The dining room itself is spacious and well appointed with blue fabric-covered banquettes against the eastern wall and high top tables accompanying tasteful leather upholstered seating.

Crafthouse dining roomX

And its at those tables that guests can enjoy a brand new menu of fresh, seasonal dishes (built for sharing… or not) from Executive Chef Franklin Purdue. That includes bar snacks like orange and rosemary scented olives ($10), fried smelt with gribiche style tartar sauce ($12) and shareable items like a vegetable relish tray ($15) and cheese and charcuterie board ($17/$30).

There are also housemade soups, including the must try fresh corn soup with basil oil and jalapenos ($8) and salads including a Romaine heart wedge salad ($13) and the perfectly delicious Standard Salad with baby gem lettuce and green goddess dressing ($10).

There are also fabulous entrees, from housemade raviolo filled with farm cheese, spinach and egg ($19) and whole roasted hen served with broccolini and jus ($30) to aged ribeye with fondant potato and smoked soy sauce ($46).

We had the (very fortuitous) opportunity to chat with Purdue and sample the entire menu during a FoodCrush Live mukbang on Wednesday afternoon. Here’s what you missed:

The pilot distillery

Decend the stairs adjacent to the entrance  and you’ll find yourself in the pilot distillery, a room which houses a 100 gallon pot still which will be used to produce spirits on site, including some unique products that may only be served at the Downtown tasting room.

Still at Crafthouse X

Walk a few steps further and you’ll find yourself in The Founders’ Room, a room lined with Central Standard bourbon barrels and a nearly 20-foot-long, 3,000 pound table made by Nick Hardrath of The Urban Craftsman from a section of an 122 year old ash tree that once graced the front of the Pabst Mansion.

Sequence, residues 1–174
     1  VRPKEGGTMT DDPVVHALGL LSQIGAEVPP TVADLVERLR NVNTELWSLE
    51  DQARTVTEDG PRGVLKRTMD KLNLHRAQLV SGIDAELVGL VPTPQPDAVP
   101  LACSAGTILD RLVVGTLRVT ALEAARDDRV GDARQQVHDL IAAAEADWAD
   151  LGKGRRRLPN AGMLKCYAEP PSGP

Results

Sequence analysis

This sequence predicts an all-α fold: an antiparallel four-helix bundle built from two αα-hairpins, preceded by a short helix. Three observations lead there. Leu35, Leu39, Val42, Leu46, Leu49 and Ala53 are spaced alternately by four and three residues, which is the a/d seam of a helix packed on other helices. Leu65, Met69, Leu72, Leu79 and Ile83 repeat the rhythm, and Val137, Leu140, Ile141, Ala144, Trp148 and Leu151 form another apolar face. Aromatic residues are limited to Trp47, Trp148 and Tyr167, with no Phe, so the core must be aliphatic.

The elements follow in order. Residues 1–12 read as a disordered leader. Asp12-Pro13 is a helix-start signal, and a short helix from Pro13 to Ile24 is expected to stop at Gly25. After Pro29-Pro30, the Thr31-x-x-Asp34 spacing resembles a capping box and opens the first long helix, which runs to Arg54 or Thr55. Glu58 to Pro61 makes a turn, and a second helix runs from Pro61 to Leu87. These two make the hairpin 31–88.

Founders RoomX

The showpiece table tells its own version of Milwaukee history via its rough bark (visible on the edges and underside), eye-catching grain and its variations in color, which belie the tree’s role in filtering out pollutants from the air surrounding the historic mansion. Some might say that this portion of the tree stands proudly once again (and hopefully for another century), supported by its decorative iron legs and protected by its shatterproof glass top.

The table will be used as the site for bourbon tastings and small private events held at the urban distillery. It will also play host to folks who embark upon the distillery tours which Central Standard plans to begin hosting in the next month or two.

The Mix

An elevator will take you to the second floor event space – named for the building’s architect Edward Townsend Mix – which is large enough to accommodate mid-sized weddings, large parties and corporate events.